The eDyNAmiC team is supported through the Cancer Grand Challenges initiative. Learn more here

Our Research

Visualizing cytosolic DNA in cancer cells


Our proposed Aims are aspirational, integrated, and ambitious.

  • Aim 1: To identify the mechanisms involved in generation, function, and maintenance of ecDNA.
  • Aim 2: To determine the role of ecDNA in tumor evolution: understanding and predicting how ecDNA drives cancer heterogeneity, progression, and drug resistance
  • Aim 3: To identify targetable vulnerabilities of ecDNA-driven cancers that could be exploited for treatment

Team eDyNAmiC is poised to remove existing barriers and transform the field of cancer research. We will do this by: 

  • Building a pioneering team;
  • Discovering mechanisms of formation, maintenance, function, evolution, immunology, and genetic and tissue contexts of ecDNA;
  • Innovating to detect ecDNA in cancer patients and create new blood-based diagnostics for early detection and treatment monitoring;
  • Creating a suite of first-in-class chemical probes as starting points for a transformative new class of medicines to treat ecDNA-driven cancers;
  • Advocating for patients whose cancers are driven by ecDNA, and their families, through education and support;
  • Sharing a suite of tools, data, and models with the broader scientific community to accelerate progress.

Work Packages

WP1 uses powerful genetic approaches to understand how ecDNA forms and how it functions. We have succeeded in using genetic approaches to make ecDNA-driven tumors in mice, opening a new opportunity for understanding its fundamental biology, including its interaction with the immune system, and probing therapeutic vulnerabilities.

WP2 focuses on understanding the unique and powerful ways by which the circular structure of ecDNA and the interactions between ecDNA particles in the nucleus of cancer cells change how genes are regulated to promote tumour growth and to drive resistance.

WP3 applies a powerful toolkit of mutational signatures to investigate the factors leading to ecDNA formation, and subsequently, to understand what mutational processes contribute to both ecDNA and tumour evolution during progression, treatment resistance, and metastasis.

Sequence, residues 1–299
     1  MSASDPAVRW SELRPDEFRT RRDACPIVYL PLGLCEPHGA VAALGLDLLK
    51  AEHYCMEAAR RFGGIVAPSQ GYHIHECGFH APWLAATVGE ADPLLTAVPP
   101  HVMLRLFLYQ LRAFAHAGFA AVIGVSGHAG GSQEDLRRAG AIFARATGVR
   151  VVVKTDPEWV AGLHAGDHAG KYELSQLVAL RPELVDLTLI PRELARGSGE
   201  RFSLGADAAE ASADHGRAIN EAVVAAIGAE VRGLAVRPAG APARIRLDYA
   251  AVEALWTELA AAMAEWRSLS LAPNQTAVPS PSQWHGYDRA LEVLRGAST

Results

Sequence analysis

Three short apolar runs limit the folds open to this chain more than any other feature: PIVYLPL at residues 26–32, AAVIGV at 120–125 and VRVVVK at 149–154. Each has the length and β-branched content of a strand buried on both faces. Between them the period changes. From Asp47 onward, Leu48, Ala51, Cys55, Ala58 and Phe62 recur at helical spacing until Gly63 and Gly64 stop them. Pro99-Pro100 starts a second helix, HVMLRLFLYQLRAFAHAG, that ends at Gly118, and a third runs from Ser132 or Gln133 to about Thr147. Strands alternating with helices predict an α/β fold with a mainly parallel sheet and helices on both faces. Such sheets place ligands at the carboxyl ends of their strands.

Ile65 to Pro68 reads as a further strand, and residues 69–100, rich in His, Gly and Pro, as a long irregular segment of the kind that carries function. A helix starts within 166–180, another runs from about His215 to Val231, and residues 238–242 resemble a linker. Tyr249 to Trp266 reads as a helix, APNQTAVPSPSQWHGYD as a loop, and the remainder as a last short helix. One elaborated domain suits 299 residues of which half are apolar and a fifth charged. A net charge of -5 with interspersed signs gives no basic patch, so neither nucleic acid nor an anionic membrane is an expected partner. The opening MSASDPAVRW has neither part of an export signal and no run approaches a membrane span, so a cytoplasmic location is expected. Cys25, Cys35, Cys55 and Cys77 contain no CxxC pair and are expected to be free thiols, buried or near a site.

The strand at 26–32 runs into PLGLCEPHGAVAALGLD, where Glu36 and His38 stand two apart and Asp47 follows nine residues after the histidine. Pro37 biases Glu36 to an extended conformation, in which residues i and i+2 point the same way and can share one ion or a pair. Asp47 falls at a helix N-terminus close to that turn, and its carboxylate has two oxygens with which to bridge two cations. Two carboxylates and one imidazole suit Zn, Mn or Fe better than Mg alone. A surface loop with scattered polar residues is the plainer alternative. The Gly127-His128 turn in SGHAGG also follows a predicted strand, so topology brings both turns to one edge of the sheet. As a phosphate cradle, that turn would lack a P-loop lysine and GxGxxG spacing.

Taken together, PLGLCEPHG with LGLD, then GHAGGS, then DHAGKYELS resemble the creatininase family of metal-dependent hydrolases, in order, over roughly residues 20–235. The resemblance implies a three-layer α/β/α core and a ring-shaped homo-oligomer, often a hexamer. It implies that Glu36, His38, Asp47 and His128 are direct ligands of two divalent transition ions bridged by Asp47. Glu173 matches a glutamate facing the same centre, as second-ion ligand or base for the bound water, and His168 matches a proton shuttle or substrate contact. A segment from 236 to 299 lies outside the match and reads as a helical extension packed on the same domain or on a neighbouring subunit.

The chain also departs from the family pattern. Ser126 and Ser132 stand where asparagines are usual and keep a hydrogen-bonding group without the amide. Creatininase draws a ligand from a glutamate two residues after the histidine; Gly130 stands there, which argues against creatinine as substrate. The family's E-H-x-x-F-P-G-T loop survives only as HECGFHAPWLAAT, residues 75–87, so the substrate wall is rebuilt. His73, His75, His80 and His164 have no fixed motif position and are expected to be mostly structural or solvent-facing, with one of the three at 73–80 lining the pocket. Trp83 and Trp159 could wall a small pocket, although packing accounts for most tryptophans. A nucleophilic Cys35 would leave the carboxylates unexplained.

WP4 maximizes learning from patients, leveraging the powerful, CRUK-funded TRACERx and PEACE datasets, as well as the Genomics England Cohort, the Hartwig cohort, and other datasets. We are learning about when and where ecDNA forms; how it changes over time, over space, and with treatment; and about the level and composition of ecDNAs, including how they resist treatment and suppress the immune response.

WP5 focuses on understanding the evolutionary dynamics of ecDNA in human cancers. Our goal is to uncover the core principles guiding ecDNA evolution in aggressive cancers, encompassing aspects like random inheritance, ecDNA generation and reintegration, mutagenesis, selection forces, copy number variation, spatial distribution, and treatment-driven changes. WP5 is unique in that it integrates computational and mathematical models of somatic evolution with clinical and experimental data.

WP6 focuses on understanding the ecDNA sensing mechanism through innate immunity, aiming to develop immune-targeting approaches to treat ecDNA-driven cancers. Understanding how ecDNA flies under the radar of detection, and how to turn defenses back on, will be critical for understanding ecDNA biology and developing immunologically-informed treatments.

WP7 focuses on the discovery and optimization of chemical probes for ecDNA-relevant proteins. As our understanding of the mechanisms governing ecDNA formation, stability, and turnover deepens, certain proteins linked to these processes have become focal points for chemical probe and drug development. WP7 leverages innovative chemical proteomic and covalent chemistry methods to accelerate the discovery of ligands for historically undruggable proteins.

Research News